Attorney-at-Law

WET BLANKET

In Uncategorized on 07/23/2019 at 15:05

IRS is trying the old smothering trick, attempting to stop Estate of Charles P. Morgan, Deceased, Roxanna L. Morgan, Personal Representative and Roxanna L. Morgan, Docket No. 592-18, filed 7/23/19, from putting in various out-of-Court declarations of the late Chas P. “…offered by petitioners for their truth, that do not qualify for one of the exceptions to hearsay set forth in Rules 803 and 804 of the Federal Rules of Evidence.” Order, at p. 1.

Now we all know from Evidence 101 that hearsay is whatever someone says out of court, where the one who said it isn’t in court to be cross-examined. Except stuff. The stuff is what the cited Federal Rules of Evidence say.

But Judge Pugh, like most judges, likes to make her own rulings on what is and what isn’t barred by those Rules. Blanket objections take away all the fun, and are therefore wet blankets in Judge Pugh’s courtroom.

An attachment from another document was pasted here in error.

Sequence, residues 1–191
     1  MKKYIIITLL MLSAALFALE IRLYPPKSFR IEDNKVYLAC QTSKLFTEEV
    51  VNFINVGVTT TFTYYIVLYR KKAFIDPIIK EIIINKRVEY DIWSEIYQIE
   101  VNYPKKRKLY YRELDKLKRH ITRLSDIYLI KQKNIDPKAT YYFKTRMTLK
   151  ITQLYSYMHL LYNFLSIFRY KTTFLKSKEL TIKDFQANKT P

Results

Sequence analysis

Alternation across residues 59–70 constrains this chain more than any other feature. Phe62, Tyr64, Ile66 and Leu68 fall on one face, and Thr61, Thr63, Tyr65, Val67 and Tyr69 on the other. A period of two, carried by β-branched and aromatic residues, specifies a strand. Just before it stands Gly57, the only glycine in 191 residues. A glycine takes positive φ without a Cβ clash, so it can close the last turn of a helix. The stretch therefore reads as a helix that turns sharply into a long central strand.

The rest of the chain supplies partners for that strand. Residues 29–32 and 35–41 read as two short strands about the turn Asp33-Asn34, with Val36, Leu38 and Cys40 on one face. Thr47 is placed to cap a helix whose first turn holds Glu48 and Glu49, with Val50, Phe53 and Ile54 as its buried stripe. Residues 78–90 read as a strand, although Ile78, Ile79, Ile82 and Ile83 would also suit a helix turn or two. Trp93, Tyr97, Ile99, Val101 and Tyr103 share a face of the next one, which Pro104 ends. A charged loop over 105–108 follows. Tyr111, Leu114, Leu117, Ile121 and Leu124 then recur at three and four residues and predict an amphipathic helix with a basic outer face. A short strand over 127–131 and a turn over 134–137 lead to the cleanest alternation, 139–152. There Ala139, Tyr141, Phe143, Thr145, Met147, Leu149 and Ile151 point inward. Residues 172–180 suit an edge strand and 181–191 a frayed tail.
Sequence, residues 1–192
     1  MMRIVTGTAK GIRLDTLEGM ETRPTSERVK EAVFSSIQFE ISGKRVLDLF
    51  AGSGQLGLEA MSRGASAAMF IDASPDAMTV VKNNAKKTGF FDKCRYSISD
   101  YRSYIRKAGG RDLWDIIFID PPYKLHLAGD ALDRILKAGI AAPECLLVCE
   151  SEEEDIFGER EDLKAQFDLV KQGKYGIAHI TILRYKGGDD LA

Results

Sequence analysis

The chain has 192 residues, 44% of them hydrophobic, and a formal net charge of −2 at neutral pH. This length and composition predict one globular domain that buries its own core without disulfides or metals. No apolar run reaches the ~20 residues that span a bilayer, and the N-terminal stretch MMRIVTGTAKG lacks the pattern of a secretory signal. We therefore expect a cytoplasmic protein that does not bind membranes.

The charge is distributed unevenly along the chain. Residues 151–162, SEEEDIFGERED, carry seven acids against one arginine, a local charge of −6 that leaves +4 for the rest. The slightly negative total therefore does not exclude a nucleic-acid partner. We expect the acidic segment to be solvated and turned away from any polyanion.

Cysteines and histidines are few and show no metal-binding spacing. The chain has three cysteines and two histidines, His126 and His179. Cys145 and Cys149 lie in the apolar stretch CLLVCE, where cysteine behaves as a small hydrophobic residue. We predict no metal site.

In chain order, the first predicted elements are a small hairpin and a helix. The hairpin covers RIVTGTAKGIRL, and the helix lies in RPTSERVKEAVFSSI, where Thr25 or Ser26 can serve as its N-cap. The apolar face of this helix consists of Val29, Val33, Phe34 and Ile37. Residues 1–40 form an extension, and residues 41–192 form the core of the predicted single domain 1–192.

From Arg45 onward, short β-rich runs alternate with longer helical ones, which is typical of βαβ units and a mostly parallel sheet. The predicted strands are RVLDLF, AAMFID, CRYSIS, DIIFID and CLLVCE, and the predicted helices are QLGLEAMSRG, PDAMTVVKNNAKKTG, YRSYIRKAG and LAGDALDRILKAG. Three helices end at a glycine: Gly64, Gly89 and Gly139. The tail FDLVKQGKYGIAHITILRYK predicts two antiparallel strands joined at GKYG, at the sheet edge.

“In Goldsmith v. Commissioner, 86 T.C. 1134 (1986), we declined to uphold a blanket objection and we declined to grant a blanket exception; instead we considered whether specific statements met a hearsay exception.

“Here too we will evaluate the admissibility of any statements under the hearsay exceptions as they arise at trial; we will not preclude petitioners from relying upon the residual exception found in Rule 807 in advance of trial.” Order, at p. 1.

IRS counsel can object as the trial goes along.

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